The normal human attention span is………..…Didn’t my iPhone just ring?
Well, yeah! If you have ever found it hard to finish the task at hand without touching your phone or browsing through your social media accounts on the laptop, you are not alone. According to scientists, today’s digital era has left us humans with extremely short attention spans, so much so that we have lost it out to a goldfish. Yes, a goldfish has an attention span of nine seconds, whereas humans lose their capabilities to focus in eight seconds.
What Does The Research Say?
Analysts in Canada reviewed 2,000 members and studied the brain movements of 112 others utilizing electroencephalograms (EEGs). Microsoft found that about the time mobile revolution began, around the year 2000, the normal capacity of a human to focus dropped from 12 seconds to 8 seconds. The report also stated the chief reason for this being the multiple streams of media which were distracting and making it difficult for the multi-screeners to filter out unimportant stimuli.
However, there was a bright side that could be seen in the report which also suggested that even though the average human attention span had dropped, our ability to multitask had profoundly gotten enhanced in the mobile age. The survey additionally affirmed generational differences for mobile use. For example, when people between the ages of 18 and 24 were asked if they picked up their phones when there was nothing else that commanded their attention, 77% replied with a ‘Yes’ as compared to 10% of people older than 65.
Staying Focused For Long Could Be Your Superpower
A 2014 study by the British unit of advertising buyer OMD discovered that an average human shifted their attention between their tablet, smartphone, and laptop 21 times in 60 minutes. This proposed that our capabilities to fixate on a given task was getting affected because of the growing presence of these gadgets. A weaker attention span seems like the obvious side effect of the brain that has to make this switch between multiple gadgets and continue to adapt and change. Tweets, floods of emails, news or current affairs, there are multiple sources that are commanding our attention all at the same time. While we may have improved our ability to multitask, our attention spans are clearly reduced to intermittent bursts that don’t last too long.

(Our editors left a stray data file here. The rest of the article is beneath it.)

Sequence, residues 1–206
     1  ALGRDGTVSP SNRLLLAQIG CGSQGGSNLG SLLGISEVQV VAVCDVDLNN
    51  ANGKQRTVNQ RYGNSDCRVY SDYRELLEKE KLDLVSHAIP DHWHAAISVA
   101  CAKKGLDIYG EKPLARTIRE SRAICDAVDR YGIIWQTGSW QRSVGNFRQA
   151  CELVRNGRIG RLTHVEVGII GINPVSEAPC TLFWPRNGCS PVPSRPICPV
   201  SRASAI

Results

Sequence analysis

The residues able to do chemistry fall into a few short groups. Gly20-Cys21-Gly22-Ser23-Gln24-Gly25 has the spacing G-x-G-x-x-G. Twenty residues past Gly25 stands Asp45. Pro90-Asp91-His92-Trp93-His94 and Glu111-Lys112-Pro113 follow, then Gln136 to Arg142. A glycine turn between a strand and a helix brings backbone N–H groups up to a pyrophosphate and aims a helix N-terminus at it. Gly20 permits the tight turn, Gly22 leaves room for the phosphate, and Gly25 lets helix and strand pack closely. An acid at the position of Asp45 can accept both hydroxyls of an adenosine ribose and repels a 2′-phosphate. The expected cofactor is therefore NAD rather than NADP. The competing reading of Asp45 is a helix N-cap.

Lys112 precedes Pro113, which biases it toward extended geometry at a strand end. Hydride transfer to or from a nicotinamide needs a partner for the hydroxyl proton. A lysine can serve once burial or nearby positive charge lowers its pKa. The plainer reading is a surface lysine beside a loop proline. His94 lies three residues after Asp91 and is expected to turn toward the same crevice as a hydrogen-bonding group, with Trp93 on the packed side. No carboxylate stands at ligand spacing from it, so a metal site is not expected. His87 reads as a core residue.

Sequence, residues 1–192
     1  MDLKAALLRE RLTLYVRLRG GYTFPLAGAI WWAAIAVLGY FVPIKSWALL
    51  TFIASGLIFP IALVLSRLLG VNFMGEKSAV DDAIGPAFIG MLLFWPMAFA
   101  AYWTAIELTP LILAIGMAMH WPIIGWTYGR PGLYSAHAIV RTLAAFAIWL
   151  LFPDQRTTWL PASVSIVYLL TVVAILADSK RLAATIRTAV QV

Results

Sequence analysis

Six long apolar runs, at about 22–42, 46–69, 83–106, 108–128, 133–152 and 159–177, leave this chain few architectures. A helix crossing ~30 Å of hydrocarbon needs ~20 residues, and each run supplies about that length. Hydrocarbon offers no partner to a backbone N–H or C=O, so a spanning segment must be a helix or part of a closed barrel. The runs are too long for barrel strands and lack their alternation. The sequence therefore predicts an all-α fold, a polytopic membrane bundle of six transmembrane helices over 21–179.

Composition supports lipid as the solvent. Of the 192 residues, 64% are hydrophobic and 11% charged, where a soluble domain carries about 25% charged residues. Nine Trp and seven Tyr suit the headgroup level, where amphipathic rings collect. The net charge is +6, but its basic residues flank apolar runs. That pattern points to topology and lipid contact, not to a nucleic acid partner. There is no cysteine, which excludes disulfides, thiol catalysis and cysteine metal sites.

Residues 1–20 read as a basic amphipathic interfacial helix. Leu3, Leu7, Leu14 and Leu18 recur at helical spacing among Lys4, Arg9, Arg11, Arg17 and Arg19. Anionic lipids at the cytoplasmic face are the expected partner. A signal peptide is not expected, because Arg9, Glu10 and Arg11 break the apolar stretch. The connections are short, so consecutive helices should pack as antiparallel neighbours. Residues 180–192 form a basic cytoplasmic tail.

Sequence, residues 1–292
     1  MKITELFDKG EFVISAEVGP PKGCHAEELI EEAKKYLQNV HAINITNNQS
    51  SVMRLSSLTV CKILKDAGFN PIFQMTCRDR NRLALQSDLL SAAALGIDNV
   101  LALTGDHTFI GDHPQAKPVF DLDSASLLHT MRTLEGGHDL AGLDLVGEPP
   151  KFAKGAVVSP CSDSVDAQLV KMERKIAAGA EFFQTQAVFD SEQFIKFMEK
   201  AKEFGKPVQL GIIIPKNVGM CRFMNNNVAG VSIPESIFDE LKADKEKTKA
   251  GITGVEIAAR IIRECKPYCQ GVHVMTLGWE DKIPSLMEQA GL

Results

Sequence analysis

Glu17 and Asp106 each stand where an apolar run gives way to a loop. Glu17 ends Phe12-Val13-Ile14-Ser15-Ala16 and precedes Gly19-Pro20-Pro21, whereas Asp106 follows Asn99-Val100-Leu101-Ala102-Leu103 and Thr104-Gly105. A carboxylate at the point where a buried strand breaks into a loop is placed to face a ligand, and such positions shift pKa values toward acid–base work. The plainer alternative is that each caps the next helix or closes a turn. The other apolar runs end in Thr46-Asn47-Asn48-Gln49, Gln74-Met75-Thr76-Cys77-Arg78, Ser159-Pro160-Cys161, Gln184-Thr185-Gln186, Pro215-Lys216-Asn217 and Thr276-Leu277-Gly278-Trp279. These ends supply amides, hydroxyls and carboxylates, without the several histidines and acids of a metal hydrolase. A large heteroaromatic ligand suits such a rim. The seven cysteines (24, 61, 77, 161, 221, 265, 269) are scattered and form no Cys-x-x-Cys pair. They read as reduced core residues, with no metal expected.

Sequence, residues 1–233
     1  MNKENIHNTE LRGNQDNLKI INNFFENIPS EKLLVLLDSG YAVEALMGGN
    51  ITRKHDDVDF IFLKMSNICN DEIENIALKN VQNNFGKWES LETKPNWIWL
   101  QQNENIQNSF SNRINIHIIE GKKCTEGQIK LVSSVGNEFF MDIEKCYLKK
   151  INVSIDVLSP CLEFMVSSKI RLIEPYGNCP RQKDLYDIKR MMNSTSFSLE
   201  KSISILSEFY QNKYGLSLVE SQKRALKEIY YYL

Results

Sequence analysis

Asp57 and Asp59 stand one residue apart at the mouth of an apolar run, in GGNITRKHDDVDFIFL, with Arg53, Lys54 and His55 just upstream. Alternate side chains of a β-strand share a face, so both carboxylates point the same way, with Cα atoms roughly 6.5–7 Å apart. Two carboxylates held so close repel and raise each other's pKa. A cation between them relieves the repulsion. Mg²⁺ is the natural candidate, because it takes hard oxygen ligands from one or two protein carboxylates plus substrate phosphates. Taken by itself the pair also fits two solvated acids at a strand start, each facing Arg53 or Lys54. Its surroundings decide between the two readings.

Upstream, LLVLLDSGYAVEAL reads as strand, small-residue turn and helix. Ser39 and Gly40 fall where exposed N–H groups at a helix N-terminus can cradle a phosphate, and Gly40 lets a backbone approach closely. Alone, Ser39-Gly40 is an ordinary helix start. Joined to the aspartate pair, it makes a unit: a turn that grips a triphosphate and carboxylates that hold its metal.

Another study by the National Centre for Biotechnology Information and the National Library of Medicine revealed that 79% of the participants of the study regularly used “dual screen”. This meant that while using their devices they were also watching TV. The more the distractions for the brain, the lesser it can commit to the memory.
Here’s What You Can Do
It is never too late to begin. Here is what we all can do to improve our attention span amid the ongoing interruptions, whatever they may be.
- Step Away From Your Phone: That’s right! All the emails and other social media notifications can wait. When you have taken a work in your hand, solely focus on it and give your devices a break. Not only will you get the work done faster without any interruptions, but it will be more accurate. According to researchers, a meeting is much more successful and engaging when the members are not allowed to carry their phones or any kind of gadgets inside the meeting hall so their full attention can be on the discussion.
- Learn the Art of Listening: Have you ever given it a thought how much time do you spend speaking and how much of it is spent on listening (or really pretending to listen)? There are a lot of us who are already thinking of what next to say in a conversation while the other person is speaking. It’s like we are physically present, but mentally we are miles away. Work on this habit and try to focus and derive meaning from all that someone has to share with you. This would go on to help achieve a better focus and attention in the long-term.
- Be In The Present: Don’t let distractions pull you away from what is really important. Most of what may seem important or urgent never really is that important to demand your instant attention, so much so that you have to leave the really important work you were actually doing. Prioritize better and keep a schedule so you can avoid any unnecessary interferences.
Now you can congratulate yourself for making it through this article without opening another Facebook tab at the side or checking your phone for any emails. If you did any of that, maybe it is time to put things into perspective and analyze your actions. Let’s not forget, phones were made to assist us, not turn us into slaves.